Clemson seeking fast start, stout defense against LSU

CLEMSON, SC -- A week from today, the Clemson Tigers will be playing in their second consecutive college football playoff national championship final. Once again, the Tigers find themselves the underdogs as their top ranked defense tries to slow down the top ranked LSU offense.

"Tell me something we don't know. Tell me something about a player who's not playing or something like that. I would love to be asked about LSU," said senior safety K'Von Wallace.

The "Tigerbowl" is the personification of the question: what happens when an unstoppable force meets an immovable object? For Clemson, the key revolves around the quarterback. They need to contain Heisman winner Joe Burrow and also prevent plays from breaking down.

"The main thing is keep pressure on him. The guy can throw the ball and I guess from my standpoint, play within the defense and keep pressure on him," said junior defensive lineman Justin Foster.

"When you get the quarterback dead in the rights, you've got to make the play. We did that a few times with Justin Fields where we didn't make the play on him: wide open sacks, tackles for loss, things like that. You gotta make the play," added senior safety Tanner Muse.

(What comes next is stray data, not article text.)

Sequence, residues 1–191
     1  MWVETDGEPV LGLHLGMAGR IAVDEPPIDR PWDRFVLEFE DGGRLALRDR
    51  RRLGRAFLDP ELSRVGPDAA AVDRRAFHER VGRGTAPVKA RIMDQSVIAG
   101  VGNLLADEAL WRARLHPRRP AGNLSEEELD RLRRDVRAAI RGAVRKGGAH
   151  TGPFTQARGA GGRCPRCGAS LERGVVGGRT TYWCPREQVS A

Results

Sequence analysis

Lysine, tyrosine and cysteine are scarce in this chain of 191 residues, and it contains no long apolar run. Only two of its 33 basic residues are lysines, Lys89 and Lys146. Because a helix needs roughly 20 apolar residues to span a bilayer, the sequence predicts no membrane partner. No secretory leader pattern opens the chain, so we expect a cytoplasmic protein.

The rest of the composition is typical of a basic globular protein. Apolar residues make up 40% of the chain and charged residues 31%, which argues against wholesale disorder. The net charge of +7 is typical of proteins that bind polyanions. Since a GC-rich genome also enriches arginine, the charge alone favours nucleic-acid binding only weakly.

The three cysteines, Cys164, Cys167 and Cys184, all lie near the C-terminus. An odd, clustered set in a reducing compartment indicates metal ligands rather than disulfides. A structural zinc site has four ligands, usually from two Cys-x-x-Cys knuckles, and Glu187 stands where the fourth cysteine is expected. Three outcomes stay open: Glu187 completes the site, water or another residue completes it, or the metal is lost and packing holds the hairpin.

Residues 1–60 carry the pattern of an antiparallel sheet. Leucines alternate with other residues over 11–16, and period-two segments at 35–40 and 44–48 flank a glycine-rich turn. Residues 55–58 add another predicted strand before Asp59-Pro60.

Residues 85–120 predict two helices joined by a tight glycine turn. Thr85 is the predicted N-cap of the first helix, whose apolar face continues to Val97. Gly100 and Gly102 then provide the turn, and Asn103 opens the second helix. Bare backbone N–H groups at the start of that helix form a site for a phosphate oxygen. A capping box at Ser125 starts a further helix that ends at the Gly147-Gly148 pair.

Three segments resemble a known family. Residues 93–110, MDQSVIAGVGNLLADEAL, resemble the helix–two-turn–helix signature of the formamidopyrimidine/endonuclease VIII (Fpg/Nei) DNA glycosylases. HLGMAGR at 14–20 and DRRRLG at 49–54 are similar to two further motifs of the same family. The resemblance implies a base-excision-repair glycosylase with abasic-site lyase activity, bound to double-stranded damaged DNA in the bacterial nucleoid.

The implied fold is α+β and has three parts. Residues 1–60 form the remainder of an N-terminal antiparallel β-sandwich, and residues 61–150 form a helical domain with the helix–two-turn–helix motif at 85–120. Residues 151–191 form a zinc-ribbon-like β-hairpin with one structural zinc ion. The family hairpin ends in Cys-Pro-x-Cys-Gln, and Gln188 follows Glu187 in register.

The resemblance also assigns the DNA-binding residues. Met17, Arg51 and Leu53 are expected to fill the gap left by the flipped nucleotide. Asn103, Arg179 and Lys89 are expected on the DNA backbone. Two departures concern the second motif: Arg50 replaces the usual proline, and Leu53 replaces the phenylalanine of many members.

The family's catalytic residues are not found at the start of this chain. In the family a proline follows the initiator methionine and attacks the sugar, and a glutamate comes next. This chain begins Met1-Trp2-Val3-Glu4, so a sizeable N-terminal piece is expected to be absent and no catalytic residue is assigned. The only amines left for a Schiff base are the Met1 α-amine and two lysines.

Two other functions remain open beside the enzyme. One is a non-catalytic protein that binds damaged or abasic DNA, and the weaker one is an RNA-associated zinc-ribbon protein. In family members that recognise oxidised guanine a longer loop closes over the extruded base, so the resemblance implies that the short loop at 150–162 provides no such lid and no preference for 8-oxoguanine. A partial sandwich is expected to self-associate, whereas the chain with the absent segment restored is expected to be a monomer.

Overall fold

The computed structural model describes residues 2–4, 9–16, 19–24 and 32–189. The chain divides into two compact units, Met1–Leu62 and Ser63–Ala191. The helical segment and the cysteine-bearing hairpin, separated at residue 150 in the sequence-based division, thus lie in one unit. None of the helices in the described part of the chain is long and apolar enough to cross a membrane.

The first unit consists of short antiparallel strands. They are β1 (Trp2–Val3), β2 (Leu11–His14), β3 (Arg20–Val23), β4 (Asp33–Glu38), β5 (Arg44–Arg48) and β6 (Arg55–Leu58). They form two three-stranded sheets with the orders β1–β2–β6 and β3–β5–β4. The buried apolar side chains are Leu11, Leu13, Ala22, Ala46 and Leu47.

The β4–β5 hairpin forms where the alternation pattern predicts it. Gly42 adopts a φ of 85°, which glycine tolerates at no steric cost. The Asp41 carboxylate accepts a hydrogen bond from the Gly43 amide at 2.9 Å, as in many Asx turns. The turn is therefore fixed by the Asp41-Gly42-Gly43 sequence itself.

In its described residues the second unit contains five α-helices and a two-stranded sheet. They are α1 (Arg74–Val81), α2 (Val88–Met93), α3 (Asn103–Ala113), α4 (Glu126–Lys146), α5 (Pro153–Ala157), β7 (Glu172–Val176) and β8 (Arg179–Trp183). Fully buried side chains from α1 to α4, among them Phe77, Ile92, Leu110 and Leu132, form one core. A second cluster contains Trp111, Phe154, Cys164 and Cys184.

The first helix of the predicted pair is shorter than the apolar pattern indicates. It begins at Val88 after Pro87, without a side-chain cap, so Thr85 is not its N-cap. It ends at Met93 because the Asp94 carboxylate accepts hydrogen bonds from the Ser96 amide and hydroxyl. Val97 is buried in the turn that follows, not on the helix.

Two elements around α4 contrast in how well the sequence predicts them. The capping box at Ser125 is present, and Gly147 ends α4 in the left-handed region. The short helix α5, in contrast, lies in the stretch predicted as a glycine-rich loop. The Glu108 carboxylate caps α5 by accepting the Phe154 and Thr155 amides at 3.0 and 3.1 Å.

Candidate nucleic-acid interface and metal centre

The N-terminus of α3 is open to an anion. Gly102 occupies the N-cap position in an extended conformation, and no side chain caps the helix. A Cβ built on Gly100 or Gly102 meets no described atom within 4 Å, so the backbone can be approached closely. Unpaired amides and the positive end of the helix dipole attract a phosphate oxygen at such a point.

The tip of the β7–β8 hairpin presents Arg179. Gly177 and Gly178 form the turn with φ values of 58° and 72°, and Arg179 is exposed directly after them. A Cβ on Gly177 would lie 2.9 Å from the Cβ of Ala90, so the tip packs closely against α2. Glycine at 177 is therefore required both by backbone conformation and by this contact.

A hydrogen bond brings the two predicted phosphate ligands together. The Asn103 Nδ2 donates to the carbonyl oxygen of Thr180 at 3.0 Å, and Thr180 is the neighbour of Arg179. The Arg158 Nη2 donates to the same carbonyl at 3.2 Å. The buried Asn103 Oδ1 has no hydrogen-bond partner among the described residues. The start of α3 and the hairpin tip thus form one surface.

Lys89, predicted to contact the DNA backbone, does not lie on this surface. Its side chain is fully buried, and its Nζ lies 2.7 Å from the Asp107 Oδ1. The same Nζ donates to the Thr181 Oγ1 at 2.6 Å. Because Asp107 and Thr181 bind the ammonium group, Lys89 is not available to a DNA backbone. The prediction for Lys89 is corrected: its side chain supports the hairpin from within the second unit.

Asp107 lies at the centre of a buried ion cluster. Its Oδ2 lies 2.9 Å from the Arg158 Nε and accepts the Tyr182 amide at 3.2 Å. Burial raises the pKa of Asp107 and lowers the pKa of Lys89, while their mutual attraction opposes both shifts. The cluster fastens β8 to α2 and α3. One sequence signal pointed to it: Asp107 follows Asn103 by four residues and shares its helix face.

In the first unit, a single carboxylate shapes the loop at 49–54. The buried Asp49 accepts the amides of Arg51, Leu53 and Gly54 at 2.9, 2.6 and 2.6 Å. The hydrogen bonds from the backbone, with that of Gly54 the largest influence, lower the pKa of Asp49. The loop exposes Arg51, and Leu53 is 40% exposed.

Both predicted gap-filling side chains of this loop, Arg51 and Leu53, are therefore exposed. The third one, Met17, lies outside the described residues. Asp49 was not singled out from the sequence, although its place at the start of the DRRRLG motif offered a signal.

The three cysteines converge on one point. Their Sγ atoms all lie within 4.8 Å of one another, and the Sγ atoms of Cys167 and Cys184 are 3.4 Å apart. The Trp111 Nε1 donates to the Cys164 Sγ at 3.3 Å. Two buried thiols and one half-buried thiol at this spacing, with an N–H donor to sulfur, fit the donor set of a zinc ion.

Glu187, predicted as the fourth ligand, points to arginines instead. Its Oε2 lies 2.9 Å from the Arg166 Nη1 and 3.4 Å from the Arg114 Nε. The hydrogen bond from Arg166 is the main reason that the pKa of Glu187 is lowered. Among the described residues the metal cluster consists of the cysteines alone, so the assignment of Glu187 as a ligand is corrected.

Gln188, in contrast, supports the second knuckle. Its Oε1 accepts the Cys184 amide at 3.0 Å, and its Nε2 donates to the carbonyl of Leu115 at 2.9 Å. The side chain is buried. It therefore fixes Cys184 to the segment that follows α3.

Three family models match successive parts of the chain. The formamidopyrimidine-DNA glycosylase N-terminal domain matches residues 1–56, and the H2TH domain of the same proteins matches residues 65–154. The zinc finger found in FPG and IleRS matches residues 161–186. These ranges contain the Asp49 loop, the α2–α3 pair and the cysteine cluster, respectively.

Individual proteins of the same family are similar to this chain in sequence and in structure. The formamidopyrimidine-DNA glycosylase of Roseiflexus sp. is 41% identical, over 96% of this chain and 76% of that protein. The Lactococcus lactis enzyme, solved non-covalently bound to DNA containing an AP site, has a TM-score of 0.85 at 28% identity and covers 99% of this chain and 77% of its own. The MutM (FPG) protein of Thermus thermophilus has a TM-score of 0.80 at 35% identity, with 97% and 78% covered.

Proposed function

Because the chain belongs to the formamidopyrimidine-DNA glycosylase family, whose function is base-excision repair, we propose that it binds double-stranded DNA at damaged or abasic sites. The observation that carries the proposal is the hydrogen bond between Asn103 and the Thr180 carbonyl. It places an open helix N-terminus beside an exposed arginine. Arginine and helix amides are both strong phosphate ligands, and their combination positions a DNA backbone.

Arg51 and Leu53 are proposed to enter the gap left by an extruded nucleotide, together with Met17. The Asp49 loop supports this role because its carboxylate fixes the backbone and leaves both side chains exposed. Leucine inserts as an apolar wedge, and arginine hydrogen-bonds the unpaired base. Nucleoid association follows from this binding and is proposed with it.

The Clemson defense is certainly looking forward to that challenge of slowing down Joe Burrow and showing just how legit they are and that they've earned that number one ranking. Meanwhile for the offense, it took them until the second quarter to get things going against Ohio State in their last game, and this is an environment where they can't afford to do the same thing in back to back games.

"It's definitely going to be in our best interest not to fall behind because those guys are really, really good on offense. We just have to go out there and just play. Hopefully we don't get behind, keep ahead, and hopefully we come out with a 'W'," said junior wide receiver Tee Higgins.

It's a homecoming for junior running back Travis Etienne who hails from Louisiana and turned down LSU for Clemson.

"It's also a unique opportunity in itself being a kid from Louisianna getting to play in the Superdome against the home state team for a national championship. You couldn't have scripted this up any better," stated Etienne.

Clemson's offense is nothing to sleep on either. It'll likely come down to one or two plays in the fourth quarter and that's where experience could bode well for the Tigers.

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